8. Estimating Sales 9.2 • Consider who may be needed in your sales force • Identify costs related to a sales force • Explore methods used to estimate sales Section 9.2: Estimating Sales

  9. Sales Force Planning You need to plan for your sales force as you develop and refine your marketing plan. Your sales force planning should answer such questions as: • What selling methods do you plan to use? • Who do you need in your sales force? • How much and what type of training do you need for your sales force? • How large a sales budget do you need so you can pay your sales force? • What estimated amount of sales can you expect the sales force to achieve over a specific time period? Section 9.2: Estimating Sales

  10. Sales Force Planning • External sales are obtained by hiring another company to do the selling for you. • Internal sales are obtained by you or your employees who sell your products or services exclusively. • Sales force roles include: • Order Getting • Order Taking • Sales Support Section 9.2: Estimating Sales

  11. Expenses Relatedto a Sales Force After you decide what selling methods you’d like to use and what kind of sales force you’ll need, the next step is to estimate the costs related to your sales plan. There are three basic expenses related to a sales force: • Compensation • Training • Expenses Section 9.2: Estimating Sales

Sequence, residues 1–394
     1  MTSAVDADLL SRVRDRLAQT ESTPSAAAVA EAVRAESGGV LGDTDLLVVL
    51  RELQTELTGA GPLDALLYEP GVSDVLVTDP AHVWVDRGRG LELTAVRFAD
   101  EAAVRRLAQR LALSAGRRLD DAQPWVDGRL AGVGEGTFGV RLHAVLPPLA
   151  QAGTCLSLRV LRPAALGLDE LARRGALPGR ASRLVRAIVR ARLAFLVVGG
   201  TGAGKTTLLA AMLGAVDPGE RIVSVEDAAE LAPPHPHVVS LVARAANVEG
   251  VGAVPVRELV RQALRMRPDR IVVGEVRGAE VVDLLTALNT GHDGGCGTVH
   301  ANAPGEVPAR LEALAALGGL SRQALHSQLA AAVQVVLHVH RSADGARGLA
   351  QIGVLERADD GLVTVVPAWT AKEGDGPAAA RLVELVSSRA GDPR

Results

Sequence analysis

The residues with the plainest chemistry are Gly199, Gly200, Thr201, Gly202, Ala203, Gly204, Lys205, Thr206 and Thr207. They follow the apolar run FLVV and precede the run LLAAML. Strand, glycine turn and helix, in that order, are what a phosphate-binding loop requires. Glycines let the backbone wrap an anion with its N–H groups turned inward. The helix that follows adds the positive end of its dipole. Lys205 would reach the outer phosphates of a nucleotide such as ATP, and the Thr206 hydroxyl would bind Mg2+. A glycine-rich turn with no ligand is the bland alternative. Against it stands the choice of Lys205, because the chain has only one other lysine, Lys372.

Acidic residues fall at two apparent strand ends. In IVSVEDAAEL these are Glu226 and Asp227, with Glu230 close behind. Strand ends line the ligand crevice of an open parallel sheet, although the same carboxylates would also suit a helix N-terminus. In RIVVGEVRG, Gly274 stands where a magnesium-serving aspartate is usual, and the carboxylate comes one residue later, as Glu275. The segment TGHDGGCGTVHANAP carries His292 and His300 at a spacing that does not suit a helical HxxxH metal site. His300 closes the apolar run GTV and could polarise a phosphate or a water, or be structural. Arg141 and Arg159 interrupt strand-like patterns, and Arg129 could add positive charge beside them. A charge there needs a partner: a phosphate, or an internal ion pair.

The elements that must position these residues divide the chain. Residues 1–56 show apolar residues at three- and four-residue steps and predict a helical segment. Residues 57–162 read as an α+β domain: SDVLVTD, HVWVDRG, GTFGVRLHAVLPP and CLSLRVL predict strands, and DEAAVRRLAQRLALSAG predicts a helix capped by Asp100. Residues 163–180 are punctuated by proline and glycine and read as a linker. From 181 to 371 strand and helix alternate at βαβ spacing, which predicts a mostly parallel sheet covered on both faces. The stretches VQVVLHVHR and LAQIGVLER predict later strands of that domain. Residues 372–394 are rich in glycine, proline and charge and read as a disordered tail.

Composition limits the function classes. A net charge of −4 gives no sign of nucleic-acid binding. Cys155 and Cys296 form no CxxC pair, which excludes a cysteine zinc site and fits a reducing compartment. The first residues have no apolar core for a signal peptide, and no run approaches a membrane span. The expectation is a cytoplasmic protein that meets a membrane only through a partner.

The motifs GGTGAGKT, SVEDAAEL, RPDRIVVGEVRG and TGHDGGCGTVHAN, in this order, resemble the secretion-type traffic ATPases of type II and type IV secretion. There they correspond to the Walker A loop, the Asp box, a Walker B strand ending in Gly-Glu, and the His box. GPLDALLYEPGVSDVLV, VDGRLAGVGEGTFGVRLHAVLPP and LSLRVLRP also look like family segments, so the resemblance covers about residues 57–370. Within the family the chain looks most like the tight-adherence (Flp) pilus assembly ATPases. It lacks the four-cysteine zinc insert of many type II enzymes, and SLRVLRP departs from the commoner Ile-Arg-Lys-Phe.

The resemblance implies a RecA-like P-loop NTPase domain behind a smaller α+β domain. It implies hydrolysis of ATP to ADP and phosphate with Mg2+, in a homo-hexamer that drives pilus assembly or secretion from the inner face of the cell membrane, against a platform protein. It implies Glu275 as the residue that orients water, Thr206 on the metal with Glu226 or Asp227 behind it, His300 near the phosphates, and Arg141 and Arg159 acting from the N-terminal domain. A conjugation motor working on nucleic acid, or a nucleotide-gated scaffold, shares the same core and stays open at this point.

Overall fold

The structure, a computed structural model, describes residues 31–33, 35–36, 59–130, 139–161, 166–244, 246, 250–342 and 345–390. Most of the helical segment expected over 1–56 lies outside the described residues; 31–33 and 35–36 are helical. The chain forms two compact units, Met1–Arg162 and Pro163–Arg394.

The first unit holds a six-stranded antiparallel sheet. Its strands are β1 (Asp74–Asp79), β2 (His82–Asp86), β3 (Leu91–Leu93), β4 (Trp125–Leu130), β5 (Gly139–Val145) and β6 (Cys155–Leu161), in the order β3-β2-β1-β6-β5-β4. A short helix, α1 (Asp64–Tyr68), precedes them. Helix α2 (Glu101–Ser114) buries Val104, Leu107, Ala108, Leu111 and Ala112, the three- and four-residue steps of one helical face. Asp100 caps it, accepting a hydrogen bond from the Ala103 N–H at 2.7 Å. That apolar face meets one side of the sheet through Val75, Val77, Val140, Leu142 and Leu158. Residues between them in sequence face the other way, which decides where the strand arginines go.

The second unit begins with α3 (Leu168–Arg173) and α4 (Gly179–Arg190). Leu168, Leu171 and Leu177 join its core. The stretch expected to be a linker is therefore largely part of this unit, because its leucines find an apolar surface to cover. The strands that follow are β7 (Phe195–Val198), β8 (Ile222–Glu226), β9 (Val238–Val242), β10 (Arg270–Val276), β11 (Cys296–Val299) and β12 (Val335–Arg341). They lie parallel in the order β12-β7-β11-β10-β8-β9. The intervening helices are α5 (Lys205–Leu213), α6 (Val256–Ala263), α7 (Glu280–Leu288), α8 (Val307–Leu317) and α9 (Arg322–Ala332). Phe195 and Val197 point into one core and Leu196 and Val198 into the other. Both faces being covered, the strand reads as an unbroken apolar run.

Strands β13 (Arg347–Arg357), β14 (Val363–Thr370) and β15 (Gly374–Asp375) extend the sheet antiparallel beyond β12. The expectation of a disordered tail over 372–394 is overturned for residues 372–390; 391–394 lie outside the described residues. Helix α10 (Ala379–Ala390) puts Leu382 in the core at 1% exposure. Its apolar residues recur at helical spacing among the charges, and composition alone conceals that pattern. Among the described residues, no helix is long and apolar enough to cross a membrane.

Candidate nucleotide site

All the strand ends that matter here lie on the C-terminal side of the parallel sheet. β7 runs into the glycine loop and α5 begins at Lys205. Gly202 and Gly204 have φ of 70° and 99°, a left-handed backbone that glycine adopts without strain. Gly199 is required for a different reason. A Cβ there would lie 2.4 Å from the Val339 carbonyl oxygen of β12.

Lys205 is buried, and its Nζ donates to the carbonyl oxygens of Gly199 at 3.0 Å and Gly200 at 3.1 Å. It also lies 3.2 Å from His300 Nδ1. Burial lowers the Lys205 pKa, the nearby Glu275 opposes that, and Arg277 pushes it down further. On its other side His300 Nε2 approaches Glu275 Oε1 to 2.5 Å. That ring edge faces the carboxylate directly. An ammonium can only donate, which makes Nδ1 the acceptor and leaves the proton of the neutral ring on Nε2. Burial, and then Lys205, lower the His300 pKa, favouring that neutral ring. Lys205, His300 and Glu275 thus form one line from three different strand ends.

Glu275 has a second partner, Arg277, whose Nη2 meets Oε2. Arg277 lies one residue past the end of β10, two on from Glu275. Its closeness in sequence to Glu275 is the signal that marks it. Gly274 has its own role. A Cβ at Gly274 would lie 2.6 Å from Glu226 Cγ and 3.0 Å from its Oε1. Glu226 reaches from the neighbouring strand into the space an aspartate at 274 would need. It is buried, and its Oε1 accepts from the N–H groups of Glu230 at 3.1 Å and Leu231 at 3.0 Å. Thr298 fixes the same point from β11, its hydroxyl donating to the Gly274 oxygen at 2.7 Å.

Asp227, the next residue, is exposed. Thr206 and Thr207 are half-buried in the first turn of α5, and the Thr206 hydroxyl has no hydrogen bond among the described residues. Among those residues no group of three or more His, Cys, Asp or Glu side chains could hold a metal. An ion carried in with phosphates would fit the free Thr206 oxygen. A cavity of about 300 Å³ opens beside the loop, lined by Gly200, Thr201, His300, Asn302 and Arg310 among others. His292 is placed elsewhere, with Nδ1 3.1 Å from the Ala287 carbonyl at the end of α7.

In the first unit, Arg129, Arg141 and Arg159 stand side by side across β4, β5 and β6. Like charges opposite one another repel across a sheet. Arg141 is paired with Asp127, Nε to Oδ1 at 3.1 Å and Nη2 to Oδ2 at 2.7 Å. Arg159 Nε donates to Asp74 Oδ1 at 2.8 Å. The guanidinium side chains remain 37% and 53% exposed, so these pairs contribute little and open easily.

12. How Salespeople Are Paid There are three main options for compensating salespeople: • Salary Only. A salary is a fixed amount of money that an employee is paid on a regular basis. • Commission Only. A commission is an amount paid based on the volume of products or services that a salesperson sells. • Base Salary Plus Commission. Most often, salespeople are paid with a combination of salary and commission. • A sales quota is a target amount of sales per month or quarter that a salesperson is expected to achieve. • A sales territory is the specified geographical area for which a salesperson is responsible. Section 9.2: Estimating Sales

  13. Sales Training Most businesses that employ a sales force provide extensive training for new salespeople. Some subjects taught in company training programs are: • Company Information • Product or Service Knowledge • Target Market Characteristics • Information on the Competition • General Selling Techniques and Mechanics • Technology Skills Section 9.2: Estimating Sales

  14. Sales Forecasting A sales forecast is a prediction of the amount of future sales your company expects to achieve over a certain period of time. There are four general steps in preparing a sales forecast: • Analyzing current conditions • Reviewing past sales • Making educated predications about the future • Estimating your future sales for a specific time period Section 9.2: Estimating Sales

  15. Sales Forecasting Techniques Common forecasting techniques: • Full Capacity • Observational Data • Industry Standards • Industry/Seasonal Cycles • Team Effort • Number of Customers versus Distance • Market Share • Proportional Scaling Number of Number of Average Amount of Customers Purchases per Year Each Purchase x x Section 9.2: Estimating Sales